Don Quixote: Part II: Chapters 5-8

Don Quixote de la Mancha (Oxford World's Classics) - Miguel de Cervantes Saavedra, Charles Jarvis, E.C. Riley

 

Up to page 540

 

Italics are what I penciled in the margins

 

The block quotes are quotes from the book.

 

Everything else are just my thoughts as I’m typing along here

 

 

 

 

 

 

 

Chapter 5

 

In which Sancho and his wife plan their future and their children's future.  A total disconnect from reality, or in other words, total B.S.

 

"I tell you, wife", answered Sancho, "that, did I not expect, ere long, to see myself a governor of an island, I should drop down dead upon the spot"

How naive can one man be?

 

 

Chapter 6

 

In which the Niece and the Maid attempt to reason with Quixote and fail miserably.

 

---without standing upon trifles, or upon the laws of duelling, ---such as, whether our adversary bears a shorter or longer lance or sword,

He just changes the rules to please himself

 

'were you not my niece... I would make such an example of you for the blasphemy you have uttered,'

but in Chapter 3 Quixote himself was saying how historians tell nothing but lies

 

and it will be in vain for you to tire yourselves in persuading me not to attempt what heaven requires, fortune ordains, and reason demands, and above all, what my inclination leads me to.

What he "wants". Everything else is just excuses to bolster his own selfish wants.

 

 

Chapter 7

 

In which the Bachelor upsets all reason and Quixote & Sancho set out upon Adventure #3

 

"What I would be at", quoth Sancho, "is, that your worship would be pleased to appoint me a certain salary, at so much per month, for the time I shall serve you,"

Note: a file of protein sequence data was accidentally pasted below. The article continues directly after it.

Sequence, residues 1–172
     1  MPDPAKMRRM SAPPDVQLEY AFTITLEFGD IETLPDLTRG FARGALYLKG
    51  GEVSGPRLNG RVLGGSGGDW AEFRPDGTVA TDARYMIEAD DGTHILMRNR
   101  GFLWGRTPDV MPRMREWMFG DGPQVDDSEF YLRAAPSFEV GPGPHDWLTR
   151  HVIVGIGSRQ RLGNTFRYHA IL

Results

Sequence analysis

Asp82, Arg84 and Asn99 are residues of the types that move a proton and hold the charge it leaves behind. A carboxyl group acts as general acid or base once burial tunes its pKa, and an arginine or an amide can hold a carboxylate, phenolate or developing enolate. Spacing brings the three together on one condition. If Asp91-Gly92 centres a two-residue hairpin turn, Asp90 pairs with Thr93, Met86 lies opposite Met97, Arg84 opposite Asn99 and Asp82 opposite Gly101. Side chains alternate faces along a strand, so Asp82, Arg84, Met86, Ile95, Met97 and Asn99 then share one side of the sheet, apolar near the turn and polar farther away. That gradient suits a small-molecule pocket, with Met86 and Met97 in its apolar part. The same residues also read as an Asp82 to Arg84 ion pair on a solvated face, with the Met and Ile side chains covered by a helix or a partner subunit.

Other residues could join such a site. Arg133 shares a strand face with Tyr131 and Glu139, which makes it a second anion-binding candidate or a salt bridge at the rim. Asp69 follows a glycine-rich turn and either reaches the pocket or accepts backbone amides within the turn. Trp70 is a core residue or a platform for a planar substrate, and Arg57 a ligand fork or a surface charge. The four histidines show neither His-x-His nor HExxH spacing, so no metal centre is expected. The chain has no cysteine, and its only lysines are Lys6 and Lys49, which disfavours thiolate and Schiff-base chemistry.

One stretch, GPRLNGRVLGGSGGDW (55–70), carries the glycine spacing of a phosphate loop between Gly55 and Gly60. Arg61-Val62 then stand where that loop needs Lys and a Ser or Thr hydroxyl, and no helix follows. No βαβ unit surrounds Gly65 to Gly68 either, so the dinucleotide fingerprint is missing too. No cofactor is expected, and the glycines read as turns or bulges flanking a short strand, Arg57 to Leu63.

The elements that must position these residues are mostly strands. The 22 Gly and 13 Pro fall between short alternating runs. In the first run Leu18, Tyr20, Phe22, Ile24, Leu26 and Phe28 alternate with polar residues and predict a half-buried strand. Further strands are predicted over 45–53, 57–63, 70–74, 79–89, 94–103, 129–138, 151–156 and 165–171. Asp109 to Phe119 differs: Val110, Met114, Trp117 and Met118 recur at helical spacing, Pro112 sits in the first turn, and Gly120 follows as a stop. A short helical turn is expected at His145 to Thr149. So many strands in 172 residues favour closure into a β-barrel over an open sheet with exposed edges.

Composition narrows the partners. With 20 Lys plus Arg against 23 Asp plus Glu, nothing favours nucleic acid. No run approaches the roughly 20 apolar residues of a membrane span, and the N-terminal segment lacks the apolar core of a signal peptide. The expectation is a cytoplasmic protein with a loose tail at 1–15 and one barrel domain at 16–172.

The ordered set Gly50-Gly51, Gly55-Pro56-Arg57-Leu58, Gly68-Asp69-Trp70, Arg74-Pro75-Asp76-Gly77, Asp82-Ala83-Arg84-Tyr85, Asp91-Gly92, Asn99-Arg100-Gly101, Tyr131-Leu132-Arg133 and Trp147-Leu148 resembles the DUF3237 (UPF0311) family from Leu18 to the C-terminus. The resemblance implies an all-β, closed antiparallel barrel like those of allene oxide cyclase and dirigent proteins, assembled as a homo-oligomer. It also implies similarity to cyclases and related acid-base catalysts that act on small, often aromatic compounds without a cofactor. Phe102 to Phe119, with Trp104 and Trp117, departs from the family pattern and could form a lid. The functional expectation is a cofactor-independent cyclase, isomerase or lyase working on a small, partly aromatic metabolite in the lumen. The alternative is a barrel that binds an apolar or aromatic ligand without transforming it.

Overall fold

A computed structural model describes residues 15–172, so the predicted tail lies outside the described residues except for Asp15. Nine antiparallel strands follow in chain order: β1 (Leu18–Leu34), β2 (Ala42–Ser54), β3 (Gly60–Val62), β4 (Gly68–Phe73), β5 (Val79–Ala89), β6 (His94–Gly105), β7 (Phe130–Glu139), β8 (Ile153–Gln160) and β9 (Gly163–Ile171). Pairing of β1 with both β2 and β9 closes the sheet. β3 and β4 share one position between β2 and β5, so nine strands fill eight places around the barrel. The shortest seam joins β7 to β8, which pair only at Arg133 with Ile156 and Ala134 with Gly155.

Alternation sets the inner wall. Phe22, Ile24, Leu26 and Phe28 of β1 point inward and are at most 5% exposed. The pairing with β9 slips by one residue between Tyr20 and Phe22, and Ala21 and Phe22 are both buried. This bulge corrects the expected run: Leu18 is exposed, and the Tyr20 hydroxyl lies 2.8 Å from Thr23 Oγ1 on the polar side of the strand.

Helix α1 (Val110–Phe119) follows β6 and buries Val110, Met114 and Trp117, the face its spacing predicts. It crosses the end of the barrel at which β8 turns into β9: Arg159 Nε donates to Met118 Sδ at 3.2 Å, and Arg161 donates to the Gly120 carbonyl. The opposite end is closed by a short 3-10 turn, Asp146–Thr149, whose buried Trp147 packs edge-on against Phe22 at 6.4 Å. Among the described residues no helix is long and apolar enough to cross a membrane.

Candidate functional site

Sancho is learning

 

The bachelor... believed all he had read of him [Quixote], and concluded him to be one of the most solemn coxcombs of the age; and said to himself, that two such fools, as master and man, were never before seen in the world.

 

The curses, which the housekeeper and niece heaped upon the bachelor, were not to be numbered; they tore their hair, and scratched their faces,

I would have attempted violence upon Carasco himself [the Bachelor]

 

 

Chapter 8

 

In which Sancho argues eloquently and the pair head to Toboso to see Dulcinea

 

"There I have caught you," quoth Sancho.

Where did this brilliance come from?

 

"What would you have me infer, Sancho, from all you have been saying?" quoth Don Quixote

"I would infer," said Sancho, "that we had better turn saints immediately, and we shall then soon attain to that renown we aim at.

Wise words!!

 

In these and the like discourses they passed that night, and the following day, without any accident worth relating; whereat Don Quixote was not a little grieved.

Boohoo!